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Can we do better than just “Pre-Cana”?


© Deacon Greg Kandra / Melkite wedding in Jordan

Deacon Greg Kandra - published on 10/19/15

I think most thoughtful Catholics would say “Yes.” And some bishops at the Synod seem to agree.

From National Catholic Register:

Could marriage preparation by itself become a thing of the past for couples approaching the wedding altar? The idea of a “marriage catechumenate” — a period of formation for marriage that would cover a period of time both before and after the wedding day — has been part of the discussion at the ongoing synod of the family taking place in Rome. “At least 10 times, the topic of a ‘catechumenate for marriage’ came up,” Vatican spokesman Father Thomas Rosica revealed at an Oct. 6 media briefing, describing it as “preparation for marriage, a longer process for marriage, as well as a preparation that takes place in the years right after the [wedding]; it continues.” Overall, Catholics have a lower rate of divorce than the general population in the United States. The Center for Applied Research in the Apostolate (CARA) at Georgetown University reports close to one out of three (or 28%) of Catholic marriages end in divorce. But the rate jumps to nearly one out of two marriages ending in divorce for Catholics in “mixed marriages” with Protestant or non-religious spouses. CARA’s surveys also show that weekly Mass attendance and church involvement correlate strongly with better family outcomes, such as spending time together as a family, eating dinner or playing games as a family, or even praying together. But just one out of five Catholic parents with children at home go to Mass weekly; and just under half of Catholic parents go to Mass once a month or more. The other half of parents go rarely or not at all. One of the proponents of a “marriage catechumenate” type of formation is Canadian Cardinal Marc Ouellet, who proposed the idea in a book called The Mystery and Sacrament of Love, first published in 2007, but updated later to coincide with the synod discussions. The cardinal noted that, with so many couples poorly formed in marriage, the Church might instead offer them a “prolonged catechumenate” for marriage “if they wish to celebrate their marriage covenant in a Christian way.” “Marriage catechumenate” is not a technical term. The “catechumenate” is technically a period of formation in the Christian faith for those approaching baptism. But the concept of a post-baptismal catechumen experience of ongoing catechesis is a reality lived by Catholics who belong to the Neocatechumenal Way.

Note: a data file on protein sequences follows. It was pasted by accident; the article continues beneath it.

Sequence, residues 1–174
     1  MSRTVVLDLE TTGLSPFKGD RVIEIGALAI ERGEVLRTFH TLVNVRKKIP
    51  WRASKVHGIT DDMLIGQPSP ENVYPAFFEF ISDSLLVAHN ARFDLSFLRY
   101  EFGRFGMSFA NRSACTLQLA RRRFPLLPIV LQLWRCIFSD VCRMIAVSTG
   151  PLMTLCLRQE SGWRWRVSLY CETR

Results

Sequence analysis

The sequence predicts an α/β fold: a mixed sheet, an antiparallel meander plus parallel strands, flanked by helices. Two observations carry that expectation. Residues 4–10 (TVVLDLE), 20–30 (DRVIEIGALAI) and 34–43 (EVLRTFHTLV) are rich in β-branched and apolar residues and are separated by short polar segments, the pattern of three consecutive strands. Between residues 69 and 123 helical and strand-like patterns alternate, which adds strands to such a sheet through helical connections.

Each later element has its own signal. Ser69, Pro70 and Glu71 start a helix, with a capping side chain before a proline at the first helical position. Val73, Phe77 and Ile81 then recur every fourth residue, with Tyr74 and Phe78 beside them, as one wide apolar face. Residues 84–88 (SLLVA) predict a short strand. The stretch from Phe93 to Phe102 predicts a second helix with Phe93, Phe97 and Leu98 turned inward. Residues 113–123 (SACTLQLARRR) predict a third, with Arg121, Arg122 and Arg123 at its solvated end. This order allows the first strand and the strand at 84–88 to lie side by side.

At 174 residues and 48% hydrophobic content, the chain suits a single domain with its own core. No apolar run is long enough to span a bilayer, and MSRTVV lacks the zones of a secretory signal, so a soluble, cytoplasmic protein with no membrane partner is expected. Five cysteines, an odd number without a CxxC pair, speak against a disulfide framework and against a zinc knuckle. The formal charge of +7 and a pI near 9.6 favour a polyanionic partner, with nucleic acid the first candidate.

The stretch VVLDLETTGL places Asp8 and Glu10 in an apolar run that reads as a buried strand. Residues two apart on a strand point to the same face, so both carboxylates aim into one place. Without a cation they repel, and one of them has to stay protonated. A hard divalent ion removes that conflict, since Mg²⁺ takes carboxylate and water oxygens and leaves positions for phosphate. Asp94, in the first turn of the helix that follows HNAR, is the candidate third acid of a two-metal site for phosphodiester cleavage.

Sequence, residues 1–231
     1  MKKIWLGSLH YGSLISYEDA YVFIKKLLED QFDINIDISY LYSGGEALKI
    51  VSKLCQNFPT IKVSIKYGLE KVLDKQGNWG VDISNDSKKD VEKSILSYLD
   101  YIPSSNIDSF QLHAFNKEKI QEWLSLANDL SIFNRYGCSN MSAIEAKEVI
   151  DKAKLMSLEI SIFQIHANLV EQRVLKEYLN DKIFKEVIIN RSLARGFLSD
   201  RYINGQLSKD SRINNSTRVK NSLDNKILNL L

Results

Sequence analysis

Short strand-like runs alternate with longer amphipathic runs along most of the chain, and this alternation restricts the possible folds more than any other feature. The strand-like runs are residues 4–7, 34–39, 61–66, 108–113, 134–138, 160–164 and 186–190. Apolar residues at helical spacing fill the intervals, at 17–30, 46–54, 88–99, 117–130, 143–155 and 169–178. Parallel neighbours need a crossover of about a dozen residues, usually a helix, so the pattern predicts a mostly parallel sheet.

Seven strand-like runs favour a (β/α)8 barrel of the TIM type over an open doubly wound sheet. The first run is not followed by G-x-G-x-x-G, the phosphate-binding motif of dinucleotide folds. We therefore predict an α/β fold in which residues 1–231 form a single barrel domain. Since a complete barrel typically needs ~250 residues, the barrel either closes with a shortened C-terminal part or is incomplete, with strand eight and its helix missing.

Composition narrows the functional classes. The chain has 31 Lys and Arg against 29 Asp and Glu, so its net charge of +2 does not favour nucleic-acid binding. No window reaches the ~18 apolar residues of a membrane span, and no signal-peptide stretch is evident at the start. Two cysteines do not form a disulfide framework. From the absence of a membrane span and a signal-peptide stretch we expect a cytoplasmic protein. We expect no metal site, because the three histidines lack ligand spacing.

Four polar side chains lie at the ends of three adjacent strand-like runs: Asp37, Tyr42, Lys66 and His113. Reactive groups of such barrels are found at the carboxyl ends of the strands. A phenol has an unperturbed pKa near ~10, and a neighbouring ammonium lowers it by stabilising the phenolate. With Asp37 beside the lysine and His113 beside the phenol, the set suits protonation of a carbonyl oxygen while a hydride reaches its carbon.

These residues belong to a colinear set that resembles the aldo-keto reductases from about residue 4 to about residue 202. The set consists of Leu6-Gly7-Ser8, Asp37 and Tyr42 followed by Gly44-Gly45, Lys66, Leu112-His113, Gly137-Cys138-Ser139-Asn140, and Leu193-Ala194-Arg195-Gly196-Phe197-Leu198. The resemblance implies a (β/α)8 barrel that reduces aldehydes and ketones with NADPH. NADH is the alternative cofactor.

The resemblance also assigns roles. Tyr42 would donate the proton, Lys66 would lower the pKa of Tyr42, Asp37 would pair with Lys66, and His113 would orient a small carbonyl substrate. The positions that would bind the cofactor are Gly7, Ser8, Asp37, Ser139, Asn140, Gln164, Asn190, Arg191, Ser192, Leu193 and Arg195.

Read more.

This makes a lot of sense, frankly. It takes a year, sometimes longer, for someone to become Catholic through RCIA; it takes at least five years for a man to be ordained a priest or deacon. Shouldn’t we devote more than a few hours on a weekend to a vocation that will affect two lives—and probably many more—for 50 or 60 years?

Modern times, I think, demand it. Again and again when people come to me to discuss annulments, I find that the original marriage often has one of two distinct characteristics:

1. The couple was too young and inexperienced to begin with; frequently, they never dated anyone else and married this particular person because they were afraid they would never do any better.

2. At least one spouse came from a family that was, in some way, seriously dysfunctional or even damaged. This has been an eye-opener for me. Repeatedly, when you dig into the backgrounds of broken marriages, you find they come from families with divorce, alcoholism, drug use, or physical or verbal abuse. The extended family often wasn’t much better. As a result, the bride or groom (or both) didn’t know what a good, healthy, faith-filled marriage is supposed to look like. It was never modeled for them. Too often, getting married was supposed to be an escape from a bad family life. But of course, it wasn’t. They were unequipped to deal with what married life would entail—on any level.

A little time and effort and prayer—crafting “marriage formation” before and after the wedding—can’t hurt. And it just might make a world of difference.

Getting couples on board with this, however, might be a challenge…

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